Aide to Iraq PM: U.S. army embarrasses government
Iraqi Prime Minister Nouri al-Maliki said Saturday that the Iraqi army and police are capable of keeping security in the country when American forces leave "any time they want."
Al-Maliki told a Baghdad press conference that his government needs "time and effort" to enact the political reforms that Washington seeks - "particularly since the political process is facing security, economic and services pressures, as well as regional and international interference."
"These difficulties can be read as a big success, not negative points, when they are viewed under the shadow of the big challenges," he said.
But one of Al-Maliki top aides, Hassan al-Suneid, was quoted as saying the U.S. was treating Iraq like "an experiment in an American laboratory
." He sharply criticised the U.S. military, saying it was committing human rights violations, embarassing the Iraqi government with its tactics and cooperating with "gangs of killers" in its campaign against al-Qaeda in Iraq.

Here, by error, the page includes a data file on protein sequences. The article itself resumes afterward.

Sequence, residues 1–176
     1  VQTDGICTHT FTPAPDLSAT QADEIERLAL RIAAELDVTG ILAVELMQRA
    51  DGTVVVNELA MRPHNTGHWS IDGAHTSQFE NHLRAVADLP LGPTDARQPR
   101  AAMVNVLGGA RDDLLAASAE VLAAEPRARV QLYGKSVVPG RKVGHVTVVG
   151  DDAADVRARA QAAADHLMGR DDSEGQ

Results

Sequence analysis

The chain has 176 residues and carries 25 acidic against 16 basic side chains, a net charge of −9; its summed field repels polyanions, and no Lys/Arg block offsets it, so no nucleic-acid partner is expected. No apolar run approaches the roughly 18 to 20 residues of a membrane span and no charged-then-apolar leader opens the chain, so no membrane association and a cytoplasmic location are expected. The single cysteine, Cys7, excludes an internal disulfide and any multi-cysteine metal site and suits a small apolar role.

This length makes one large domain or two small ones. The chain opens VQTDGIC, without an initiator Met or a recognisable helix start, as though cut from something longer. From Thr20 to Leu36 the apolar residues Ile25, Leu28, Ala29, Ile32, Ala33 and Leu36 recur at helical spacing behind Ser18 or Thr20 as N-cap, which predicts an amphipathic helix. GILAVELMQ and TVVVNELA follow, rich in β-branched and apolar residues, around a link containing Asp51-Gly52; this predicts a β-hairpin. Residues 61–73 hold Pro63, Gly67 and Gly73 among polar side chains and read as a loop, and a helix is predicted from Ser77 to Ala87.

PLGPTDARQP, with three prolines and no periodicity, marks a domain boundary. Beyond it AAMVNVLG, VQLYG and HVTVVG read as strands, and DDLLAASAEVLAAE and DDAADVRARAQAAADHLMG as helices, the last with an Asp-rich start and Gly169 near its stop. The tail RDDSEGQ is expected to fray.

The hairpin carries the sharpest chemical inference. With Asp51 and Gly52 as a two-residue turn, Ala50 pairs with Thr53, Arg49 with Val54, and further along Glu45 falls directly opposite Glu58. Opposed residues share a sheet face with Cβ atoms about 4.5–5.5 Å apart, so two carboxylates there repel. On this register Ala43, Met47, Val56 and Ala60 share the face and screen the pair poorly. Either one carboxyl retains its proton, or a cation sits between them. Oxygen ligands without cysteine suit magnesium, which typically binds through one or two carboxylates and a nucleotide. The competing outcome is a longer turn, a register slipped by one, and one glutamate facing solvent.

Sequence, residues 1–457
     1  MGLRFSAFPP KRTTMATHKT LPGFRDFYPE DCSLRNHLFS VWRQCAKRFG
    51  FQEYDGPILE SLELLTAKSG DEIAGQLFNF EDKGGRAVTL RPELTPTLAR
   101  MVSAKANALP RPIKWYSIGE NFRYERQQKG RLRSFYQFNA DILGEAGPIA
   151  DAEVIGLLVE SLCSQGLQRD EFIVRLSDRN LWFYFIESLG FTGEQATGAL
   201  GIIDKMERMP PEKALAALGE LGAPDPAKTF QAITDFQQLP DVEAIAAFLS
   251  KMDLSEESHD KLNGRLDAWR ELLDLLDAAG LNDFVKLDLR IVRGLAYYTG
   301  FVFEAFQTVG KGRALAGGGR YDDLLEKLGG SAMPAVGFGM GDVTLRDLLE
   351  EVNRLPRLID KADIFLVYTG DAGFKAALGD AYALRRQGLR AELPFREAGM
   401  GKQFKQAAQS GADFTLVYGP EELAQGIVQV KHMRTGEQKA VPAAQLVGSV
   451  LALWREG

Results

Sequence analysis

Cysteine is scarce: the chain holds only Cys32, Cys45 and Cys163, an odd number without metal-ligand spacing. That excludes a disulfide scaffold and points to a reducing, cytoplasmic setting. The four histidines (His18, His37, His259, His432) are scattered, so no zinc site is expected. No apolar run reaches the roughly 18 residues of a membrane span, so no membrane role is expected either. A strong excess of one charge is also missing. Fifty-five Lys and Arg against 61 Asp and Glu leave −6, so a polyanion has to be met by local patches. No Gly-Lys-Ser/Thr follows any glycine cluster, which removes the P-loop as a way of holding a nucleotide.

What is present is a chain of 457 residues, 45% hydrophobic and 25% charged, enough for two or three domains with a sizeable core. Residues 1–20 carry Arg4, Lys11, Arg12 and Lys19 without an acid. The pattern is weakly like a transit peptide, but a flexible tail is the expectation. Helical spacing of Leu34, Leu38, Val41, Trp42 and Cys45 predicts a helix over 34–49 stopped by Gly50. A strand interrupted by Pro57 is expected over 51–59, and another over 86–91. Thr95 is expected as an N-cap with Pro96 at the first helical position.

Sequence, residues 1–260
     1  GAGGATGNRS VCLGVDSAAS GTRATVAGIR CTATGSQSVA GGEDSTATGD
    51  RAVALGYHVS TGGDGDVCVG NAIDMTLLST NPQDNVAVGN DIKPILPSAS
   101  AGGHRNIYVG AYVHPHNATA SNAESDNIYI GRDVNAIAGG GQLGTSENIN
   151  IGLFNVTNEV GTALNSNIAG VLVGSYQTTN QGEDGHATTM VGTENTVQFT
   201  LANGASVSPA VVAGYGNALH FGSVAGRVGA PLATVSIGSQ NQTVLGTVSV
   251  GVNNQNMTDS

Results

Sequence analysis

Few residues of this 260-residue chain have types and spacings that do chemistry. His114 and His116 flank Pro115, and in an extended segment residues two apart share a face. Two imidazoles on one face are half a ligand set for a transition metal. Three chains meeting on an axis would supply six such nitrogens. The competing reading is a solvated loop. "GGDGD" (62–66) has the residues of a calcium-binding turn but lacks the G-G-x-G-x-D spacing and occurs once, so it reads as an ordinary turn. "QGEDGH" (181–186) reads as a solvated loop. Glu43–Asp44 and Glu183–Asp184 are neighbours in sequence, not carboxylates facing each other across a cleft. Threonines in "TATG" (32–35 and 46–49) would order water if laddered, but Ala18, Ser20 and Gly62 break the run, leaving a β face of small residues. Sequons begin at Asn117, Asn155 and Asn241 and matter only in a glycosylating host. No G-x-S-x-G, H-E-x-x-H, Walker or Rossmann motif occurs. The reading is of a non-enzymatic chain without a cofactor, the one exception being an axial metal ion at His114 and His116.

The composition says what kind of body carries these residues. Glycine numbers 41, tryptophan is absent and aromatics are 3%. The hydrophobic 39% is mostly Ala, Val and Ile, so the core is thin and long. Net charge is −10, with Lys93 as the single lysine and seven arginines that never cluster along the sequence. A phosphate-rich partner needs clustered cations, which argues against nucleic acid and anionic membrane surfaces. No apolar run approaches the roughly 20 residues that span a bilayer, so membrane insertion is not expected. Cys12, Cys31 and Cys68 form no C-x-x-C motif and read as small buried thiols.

Al-Suneid, a Shiite lawmaker close to al-Maliki, told The Associated Press
that al-Maliki has problems with the top U.S. commander Gen. David Petraeus, who works along a "purely American vision."
He criticized U.S. overtures to Sunni groups in Anbar and Diyala, encouraging former "insurgents" to join the fight against al-Qaida in Iraq. "These are gangs of killers," he said.
"There are disagreements that the strategy that Petraeus is following might succeed in confronting al-Qaida in the early period but it will leave Iraq an armed nation, an armed society and militias," said al-Suneid.
He said that the U.S. authorities have embarrassed al-Maliki's government through acts such as constructing a wall around Baghdad's Sunni neighborhood of Azamiyah and repeated raids on suspected Shiite militiamen in the capital's eastern slum of Sadr City. He said the U.S. use of airstrikes to hit suspected insurgent positions also kills civilians.
"This embarrasses the government in front of its people," he said, calling the civilian deaths a "human rights violation."
© 2007 Al Bawaba (www.albawaba.com)